Table 1.—BLM and Forest Service Administrative Units Within the Planning Area

StateBLM Field Office (or District)National Forest
AlaskaAnchorage, Central Yukon, Eastern Interior, GlennallenTongass National Forest.
ArizonaArizona Strip, Hassayampa, Kingman, Lake Havasu, Lower Sonoran, Safford, Tucson, YumaApache-Sitgreaves National Forests, Coronado National Forest, Tonto National Forest.
CaliforniaAlturas, Arcata, Bakersfield, Barstow, Bishop, Eagle Lake, El Centro, Folsom, Hollister, Needles, Palm Springs, Redding, Ridgecrest, Surprise, UkiahAngeles National Forest, Cleveland National Forest, Eldorado National Forest, Humboldt-Toiyabe National Forest, Inyo National Forest, Klamath National Forest, Lassen National Forest, Los Padres National Forest, Mendocino National Forest, Modoc National Forest, Plumas National Forest, San Bernardino National Forest, Sequoia National Forest, Shasta Trinity National Forest, Sierra National Forest, Tahoe National Forest.
ColoradoColumbine, Del Norte, Dolores, Glenwood Springs, Grand Junction, Gunnison, Kremmling, La Jara, Little Snake, Pagosa Springs, Royal Gorge, Saguache, Uncompahgre, White RiverArapaho and Roosevelt National Forests, Grand Mesa, Uncompahgre and Gunnison National Forests, Medicine Bow-Routt National Forest, Pike-San Isabel National Forest, Rio Grande National Forest, San Juan National Forest, White River National Forest.
IdahoBruneau, Burley, Challis, Cottonwood, Four Rivers, Jarbridge, Owyhee, Pocatello, Salmon, Shoshone, Upper SnakeBoise National Forest, Caribou-Targhee National Forest, Clearwater National Forest, Nez Perce National Forest, Payette National Forest, Salmon-Challis National Forest, Sawtooth National Forest.
MontanaBillings, Butte, Dillon, Lewistown, Malta, Miles City, MissoulaBeaverhead-Deerlodge National Forest, Bitterroot National Forest, Clearwater National Forest, Custer National Forest, Dixie National Forest, Gallatin National Forest, Helena National Forest, Lewis and Clark National Forest, Lolo National Forest.
New MexicoCarlsbad, Farmington, N/A, Rio Puerco, Roswell, Soccoro, TaosCarson National Forest, Cibola National Forest, Gila National Forest, Lincoln National Forest, Santa Fe National Forest.
NevadaBattle Mountain, Carson City, Elko, Ely, Las Vegas, WinnemuccaHumboldt-Toiyabe National Forest.
OregonBurns, Eugene, Lakeview, Medford, Prineville, Roseburg, Salem, ValeDeschutes National Forest, Fremont-Winema National Forests, Malheur National Forest, Mt. Hood National Forest, Ochoco National Forest, Rogue River-Siskiyou National Forests, Umatilla National Forest, Umpqua National Forest, Wallowa-Whitman National Forest, Willamette National Forest.
UtahCedar City, Fillmore, Kanab, Richfield, Salt Lake, St. George, VernalDixie National Forest, Fishlake National Forest, Uinta National Forest, Wasatch-Cache National Forest.
WashingtonSpokaneGifford Pinchot National Forest, Mt Baker-Snoqualmie National Forest, Okanogan-Wenatchee National Forests, Umatilla National Forest.
WyomingBuffalo, Casper, Cody, Kemmerer, Lander, Newcastle, Pinedale, Rawlins, Rock Springs, WorlandAshley National Forest, Bridger-Teton National Forest, Caribou-Targhee National Forest, Medicine Bow-Routt National Forest, Shoshone National Forest, Wasatch-Cache National Forest.

In addition to the Proposed Action, the PEIS evaluates two other alternatives: The No Action Alternative and an alternative termed Leasing Near Transmission Lines. The No Action Alternative would allow the processing of pending geothermal lease applications; however, no land use plans would be amended. Therefore, lease applications would be evaluated on a case-by-case basis and would require additional environmental review and possible land use plan amendments.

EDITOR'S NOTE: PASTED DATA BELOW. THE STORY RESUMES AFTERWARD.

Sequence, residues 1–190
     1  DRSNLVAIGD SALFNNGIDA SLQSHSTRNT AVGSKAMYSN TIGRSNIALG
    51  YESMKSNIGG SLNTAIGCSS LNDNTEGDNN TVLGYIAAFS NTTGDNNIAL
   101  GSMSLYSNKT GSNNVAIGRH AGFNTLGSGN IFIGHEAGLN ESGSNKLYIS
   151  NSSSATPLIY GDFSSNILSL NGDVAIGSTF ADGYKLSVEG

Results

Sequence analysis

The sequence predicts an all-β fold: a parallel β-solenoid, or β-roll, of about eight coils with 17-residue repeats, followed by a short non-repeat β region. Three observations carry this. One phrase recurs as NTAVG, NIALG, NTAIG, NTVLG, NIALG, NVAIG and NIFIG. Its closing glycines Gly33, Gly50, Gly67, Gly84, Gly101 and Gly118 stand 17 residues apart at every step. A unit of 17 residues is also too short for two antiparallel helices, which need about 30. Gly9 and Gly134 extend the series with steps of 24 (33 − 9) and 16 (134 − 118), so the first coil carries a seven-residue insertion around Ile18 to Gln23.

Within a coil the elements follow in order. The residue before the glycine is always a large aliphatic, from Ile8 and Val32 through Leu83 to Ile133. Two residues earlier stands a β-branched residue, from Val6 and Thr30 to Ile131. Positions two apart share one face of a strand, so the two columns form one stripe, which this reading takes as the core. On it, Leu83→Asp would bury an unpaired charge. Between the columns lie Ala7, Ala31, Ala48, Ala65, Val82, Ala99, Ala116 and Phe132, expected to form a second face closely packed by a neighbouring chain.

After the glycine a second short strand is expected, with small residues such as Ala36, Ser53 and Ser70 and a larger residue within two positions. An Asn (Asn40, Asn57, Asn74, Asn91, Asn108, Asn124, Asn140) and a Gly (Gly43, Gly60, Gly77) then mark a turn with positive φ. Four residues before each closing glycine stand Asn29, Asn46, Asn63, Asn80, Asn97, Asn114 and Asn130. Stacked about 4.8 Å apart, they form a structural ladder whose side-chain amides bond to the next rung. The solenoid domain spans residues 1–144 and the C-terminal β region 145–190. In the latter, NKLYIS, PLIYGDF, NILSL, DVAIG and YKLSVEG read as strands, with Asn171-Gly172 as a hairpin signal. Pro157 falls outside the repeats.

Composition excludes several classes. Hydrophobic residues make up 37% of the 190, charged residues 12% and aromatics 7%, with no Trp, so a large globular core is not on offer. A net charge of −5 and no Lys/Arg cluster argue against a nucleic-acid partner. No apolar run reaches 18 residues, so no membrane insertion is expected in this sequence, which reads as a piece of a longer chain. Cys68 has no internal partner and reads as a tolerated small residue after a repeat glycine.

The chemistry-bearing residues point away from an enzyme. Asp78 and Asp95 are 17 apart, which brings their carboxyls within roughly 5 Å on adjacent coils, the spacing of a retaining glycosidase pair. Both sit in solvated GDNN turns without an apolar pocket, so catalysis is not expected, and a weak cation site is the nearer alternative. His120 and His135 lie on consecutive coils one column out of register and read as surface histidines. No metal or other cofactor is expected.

The Leasing Near Transmission Lines Alternative was developed based on input from scoping. Under this alternative the scope of lands considered for leasing for commercial electrical generation would be limited to those lands that are near transmission lines.

This alternative also considers a larger buffer around Yellowstone National Park. While this alternative minimizes the potential footprint of tie-in transmission lines from power plants to distribution lines, it would limit the potential for geothermal energy generation.

In addition to the programmatic analysis, the PEIS provides site-specific environmental analysis for seven lease applications in Alaska, California, Nevada, Oregon, and Washington that were pending as of January 1, 2005. The alternatives evaluated for this analysis are issuing the lease or denying the lease (no action conditions).

Comments may be submitted in writing on the stated planning criteria using one of the methods listed in the ADDRESSES section. Please note that public comments and information submitted including names, street addresses, and e-mail addresses of respondents will be available for public review and disclosure at the above address during regular business hours (8 a.m. to 4 p.m.), Monday through Friday, except holidays. Comments will be available for review at the following Web site:​Geothermal_​EIS.

Before including your address, phone number, e-mail address, or other personal identifying information in your comment, you should be aware that your entire comment—including your personal identifying information—may be made publicly available at any time. While you may request in your comment that we withhold your personal identifying information from Start Printed Page 33805public review, we cannot guarantee that we will be able to do so.

Start Signature

Jeff O. Holdren,

Acting Assistant Director, Minerals and Realty Management.

Gloria Manning,

Associate Deputy Chief for National Forest System, U.S. Forest Service.

End Signature End Supplemental Information

[FR Doc. E8-13365 Filed 6-12-08; 8:45 am]